The place of urban cultural heritage festivals: The case of London’s Notting Hill Carnival

Ernest Taylor, Moya Kneafsey

    Research output: Chapter in Book/Report/Conference proceedingChapter

    7 Citations (Scopus)


    Urban cultural heritage festivals have a long tradition of contributing to the cultural and economic development of towns and cities around the world. Moreover, the increasing role of culture in city making has rendered them spaces of consumption, entertainment, pleasure, and festivity. Large European events such as London’s Notting Hill Carnival, Berlin’s Carnival of Cultures, and the Rotterdam Summer Carnival attract huge global audiences. Despite being mass gatherings where representations can be extreme, virtual, and somewhat fleeting, the intensity and intimacy of social interactions generated at festivals can induce a sense of belonging. Festivals are thus sites where community values, identity and cultural continuity are performed. In this sense, they are connected to cultures and to places, can help bind people to their communities, foster and reinforce group identity, and are central to the transmission of tradition. The ephemerality of festivals, as well as the inconvenience, expense, and gentrification-effects to which such large scale events can contribute, has led to questions about their ability to sustain community cohesion and socioeconomic wellbeing. Drawing on the example of London’s Notting Hill Carnival, this chapter explores the extent to which urban cultural heritage festivals can be regarded as catalysts in the promotion of community cohesion. Findings from this exploratory study suggest that the event promotes a sense of belonging and cohesion in an urban space, particularly amongst younger age groups in the community, as well as festivalgoers more generally.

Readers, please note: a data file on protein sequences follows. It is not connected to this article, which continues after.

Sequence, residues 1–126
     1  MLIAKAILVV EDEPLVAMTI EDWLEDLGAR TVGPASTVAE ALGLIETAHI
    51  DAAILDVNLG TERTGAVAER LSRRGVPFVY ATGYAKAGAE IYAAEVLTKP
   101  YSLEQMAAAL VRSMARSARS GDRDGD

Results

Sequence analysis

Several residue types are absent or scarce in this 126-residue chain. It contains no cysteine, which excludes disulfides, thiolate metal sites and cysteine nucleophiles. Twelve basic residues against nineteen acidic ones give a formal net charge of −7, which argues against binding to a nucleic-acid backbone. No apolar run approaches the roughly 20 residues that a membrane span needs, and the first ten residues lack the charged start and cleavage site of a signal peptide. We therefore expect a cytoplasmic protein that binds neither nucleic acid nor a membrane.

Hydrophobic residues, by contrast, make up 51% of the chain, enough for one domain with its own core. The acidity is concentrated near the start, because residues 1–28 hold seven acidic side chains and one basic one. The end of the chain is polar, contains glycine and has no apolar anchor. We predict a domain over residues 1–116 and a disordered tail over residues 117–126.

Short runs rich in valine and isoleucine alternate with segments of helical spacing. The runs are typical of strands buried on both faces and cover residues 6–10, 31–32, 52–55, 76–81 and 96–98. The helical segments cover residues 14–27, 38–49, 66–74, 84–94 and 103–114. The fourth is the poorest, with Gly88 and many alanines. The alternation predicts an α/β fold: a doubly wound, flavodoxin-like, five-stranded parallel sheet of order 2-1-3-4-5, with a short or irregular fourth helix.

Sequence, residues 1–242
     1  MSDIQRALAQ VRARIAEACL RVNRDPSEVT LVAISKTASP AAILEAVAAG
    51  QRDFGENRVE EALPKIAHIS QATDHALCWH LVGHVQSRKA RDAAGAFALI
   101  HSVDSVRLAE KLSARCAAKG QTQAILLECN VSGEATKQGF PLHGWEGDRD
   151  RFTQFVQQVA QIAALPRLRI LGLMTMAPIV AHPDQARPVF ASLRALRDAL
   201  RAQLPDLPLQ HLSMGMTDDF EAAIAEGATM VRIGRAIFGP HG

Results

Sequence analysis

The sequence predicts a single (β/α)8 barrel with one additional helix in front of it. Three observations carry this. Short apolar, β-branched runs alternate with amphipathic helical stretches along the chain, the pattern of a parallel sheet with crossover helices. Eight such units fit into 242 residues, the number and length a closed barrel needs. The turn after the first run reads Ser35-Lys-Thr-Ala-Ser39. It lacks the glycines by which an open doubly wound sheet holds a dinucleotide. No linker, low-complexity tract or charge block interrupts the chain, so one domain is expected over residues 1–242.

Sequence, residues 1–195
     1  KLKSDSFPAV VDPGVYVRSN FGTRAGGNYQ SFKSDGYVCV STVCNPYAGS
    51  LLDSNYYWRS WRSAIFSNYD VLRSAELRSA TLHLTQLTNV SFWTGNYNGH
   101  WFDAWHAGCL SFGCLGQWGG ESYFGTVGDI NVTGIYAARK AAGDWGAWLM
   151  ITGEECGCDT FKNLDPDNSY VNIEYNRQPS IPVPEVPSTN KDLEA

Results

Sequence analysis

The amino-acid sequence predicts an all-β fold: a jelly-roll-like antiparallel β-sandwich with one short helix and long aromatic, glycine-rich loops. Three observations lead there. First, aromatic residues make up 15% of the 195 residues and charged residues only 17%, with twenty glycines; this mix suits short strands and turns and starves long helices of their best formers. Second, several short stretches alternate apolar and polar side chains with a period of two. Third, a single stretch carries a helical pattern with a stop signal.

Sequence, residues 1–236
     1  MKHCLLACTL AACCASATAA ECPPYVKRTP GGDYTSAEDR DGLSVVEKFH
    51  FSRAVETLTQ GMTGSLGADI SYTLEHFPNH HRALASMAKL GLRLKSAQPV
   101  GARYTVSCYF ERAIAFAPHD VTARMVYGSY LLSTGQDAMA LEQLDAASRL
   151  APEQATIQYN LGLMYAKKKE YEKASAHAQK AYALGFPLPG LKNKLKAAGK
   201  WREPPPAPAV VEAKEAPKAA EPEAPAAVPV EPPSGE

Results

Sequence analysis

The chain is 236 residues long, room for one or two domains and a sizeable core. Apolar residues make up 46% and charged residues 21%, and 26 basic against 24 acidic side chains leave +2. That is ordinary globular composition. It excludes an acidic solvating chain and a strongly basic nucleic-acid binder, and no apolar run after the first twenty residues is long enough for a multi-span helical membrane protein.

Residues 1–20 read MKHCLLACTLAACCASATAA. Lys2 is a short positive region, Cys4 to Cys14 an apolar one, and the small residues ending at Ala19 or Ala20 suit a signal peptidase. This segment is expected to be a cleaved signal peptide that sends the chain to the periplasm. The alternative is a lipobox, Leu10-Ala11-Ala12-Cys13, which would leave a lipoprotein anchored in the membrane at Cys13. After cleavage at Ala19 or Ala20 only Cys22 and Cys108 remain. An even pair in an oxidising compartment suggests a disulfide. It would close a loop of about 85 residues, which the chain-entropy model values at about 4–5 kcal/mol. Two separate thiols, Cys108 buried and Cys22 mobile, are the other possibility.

Original languageEnglish
    Title of host publicationCultural Heritage in a Changing World
    PublisherSpringer Verlag
    Number of pages16
    ISBN (Electronic)9783319295442
    ISBN (Print)9783319295428
    Publication statusPublished - 30 Apr 2016


    • Notting Hill Carnival
    • Cohesion
    • Sense of belonging
    • Cultural heritage

    ASJC Scopus subject areas

    • Social Sciences(all)
    • Economics, Econometrics and Finance(all)
    • Business, Management and Accounting(all)
    • Arts and Humanities(all)
    • Computer Science(all)


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